By Tiatoshi Jamir
I was born on a land declared an ‘Excluded Area’: a previously colonized region. A geographic landmass formerly carved out of Assam: lodged between Myanmar to its east, Manipur to its south, bounded by the plains of Assam to the west and snow clad mountains of the sub-Himalayan region of Arunachal Pradesh to the north. Now tagged for tourism purposes as ‘The Land of Festivals,’ it is the very same homeland where Naga ancestors were once branded ‘wild’, ‘savage’, ‘primitive’ ‘uncivilized’ ‘barbaric’ and ‘head hunters’ by the colonial powers. This colonial stereotype of the Nagas continues and is reiterated in the neighboring states and Mainland India. A case in point is Manpreet Singh’s article The Soul Hunters of Central Asia (2006) published in Christianity Today that describes the Naga homeland as “once notorious worldwide for its savagery”, now “the most Baptist state in the world.”
Abraham Lotha (2007), a noted Naga anthropologist, maintains that British colonialism in the Naga Hills is a story of double domination: political and scientific. This is evident in the production of mass ethnographic materials, topographical survey reports and monographs that aided colonial administration in their attempt to control the colonized. The museum collections that began in the early 19th century conveyed a certain awareness of the Nagas to the rest of India and the West by putting them in ethnographic museums, on geographical/ethnographic maps, and in weighty books (Schäffler 2006b: 292, cited in Stockhausen 2008: 64). For a visiting European, the Naga Hills were a ‘museum-piece’ and the objects (both archaeological and ethnographic) were collected from the colonies and displayed in the West as a way to authenticate the primitive stages of human development. The region was perceived as a cultural backwater. This part of India, that was once a portion of the Hill District of Assam, later came to be recognized, after much political unrest, as the 16th State of India called ‘Nagaland’ on 1st of December, 1963.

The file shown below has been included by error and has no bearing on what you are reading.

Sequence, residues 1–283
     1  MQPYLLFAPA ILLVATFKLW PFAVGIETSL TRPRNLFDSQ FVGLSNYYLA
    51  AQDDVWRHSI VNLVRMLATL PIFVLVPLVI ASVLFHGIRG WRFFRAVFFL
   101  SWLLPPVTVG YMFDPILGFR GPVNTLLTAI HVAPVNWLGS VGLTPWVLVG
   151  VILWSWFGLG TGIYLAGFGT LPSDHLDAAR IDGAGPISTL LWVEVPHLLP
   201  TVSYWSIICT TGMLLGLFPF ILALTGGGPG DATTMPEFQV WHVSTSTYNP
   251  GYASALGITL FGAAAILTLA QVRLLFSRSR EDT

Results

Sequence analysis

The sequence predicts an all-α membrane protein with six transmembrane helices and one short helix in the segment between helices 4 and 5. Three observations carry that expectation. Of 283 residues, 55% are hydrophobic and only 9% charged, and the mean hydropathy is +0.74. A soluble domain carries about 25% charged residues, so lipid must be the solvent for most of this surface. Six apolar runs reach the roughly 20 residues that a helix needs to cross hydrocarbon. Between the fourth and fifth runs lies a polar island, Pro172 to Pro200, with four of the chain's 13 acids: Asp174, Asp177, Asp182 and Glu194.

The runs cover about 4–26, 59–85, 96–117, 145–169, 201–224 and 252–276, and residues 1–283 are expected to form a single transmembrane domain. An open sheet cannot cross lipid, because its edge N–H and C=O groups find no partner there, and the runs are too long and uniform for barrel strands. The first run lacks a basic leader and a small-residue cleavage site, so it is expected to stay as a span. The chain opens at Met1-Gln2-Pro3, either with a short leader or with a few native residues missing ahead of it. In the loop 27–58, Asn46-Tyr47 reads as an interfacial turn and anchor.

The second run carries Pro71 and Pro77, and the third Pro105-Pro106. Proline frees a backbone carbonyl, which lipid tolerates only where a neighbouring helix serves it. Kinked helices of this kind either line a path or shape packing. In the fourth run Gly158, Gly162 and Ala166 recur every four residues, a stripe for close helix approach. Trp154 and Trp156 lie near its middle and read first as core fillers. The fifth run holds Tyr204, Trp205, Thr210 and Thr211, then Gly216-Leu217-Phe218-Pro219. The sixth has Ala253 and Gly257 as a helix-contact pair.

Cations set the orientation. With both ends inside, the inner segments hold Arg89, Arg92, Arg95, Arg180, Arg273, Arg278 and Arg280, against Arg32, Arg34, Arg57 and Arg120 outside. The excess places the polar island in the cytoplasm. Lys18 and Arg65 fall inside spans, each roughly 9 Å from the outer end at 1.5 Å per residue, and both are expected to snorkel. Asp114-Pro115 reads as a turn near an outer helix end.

Although I was born in a small suburban town in eastern Nagaland, I grew up experiencing a typical Naga life. As a teen, I learnt how to swing a dao (a local iron machete), how to sharpen the blade most effectively, and how to shoot a target with a gun. I slashed and burnt thick forest for cultivation, learnt the traditional skill of fire-making, carried loads of paddy on my shoulder after a bumper harvest, built traditional houses with my peers, laid fishing traps and other traditional means of fishing, read animal tracks and hunted, roamed the deep forests foraging and gathering for wild berries, fruits, and edible vegetables. Not only were these moments a part of my leisure time but I took great pride in what I learned for it was a part of my heritage. Inculcating such traditional values was not only key to one’s survival but was also considered gender assigned roles for a Naga man. Little did I realize that it was these early experiences that drew me close to anthropology, a discipline that would allow me to study about myself and our Naga culture.